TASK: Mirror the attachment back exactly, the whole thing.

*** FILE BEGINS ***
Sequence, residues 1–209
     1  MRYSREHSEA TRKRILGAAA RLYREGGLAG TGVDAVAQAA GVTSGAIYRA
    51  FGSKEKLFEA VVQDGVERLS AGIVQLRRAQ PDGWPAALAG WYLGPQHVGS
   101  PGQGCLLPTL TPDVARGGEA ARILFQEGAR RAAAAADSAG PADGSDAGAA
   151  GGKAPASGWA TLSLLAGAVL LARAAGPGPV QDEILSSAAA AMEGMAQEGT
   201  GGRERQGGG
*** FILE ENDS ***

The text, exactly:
Sequence, residues 1–209
     1  MRYSREHSEA TRKRILGAAA RLYREGGLAG TGVDAVAQAA GVTSGAIYRA
    51  FGSKEKLFEA VVQDGVERLS AGIVQLRRAQ PDGWPAALAG WYLGPQHVGS
   101  PGQGCLLPTL TPDVARGGEA ARILFQEGAR RAAAAADSAG PADGSDAGAA
   151  GGKAPASGWA TLSLLAGAVL LARAAGPGPV QDEILSSAAA AMEGMAQEGT
   201  GGRERQGGG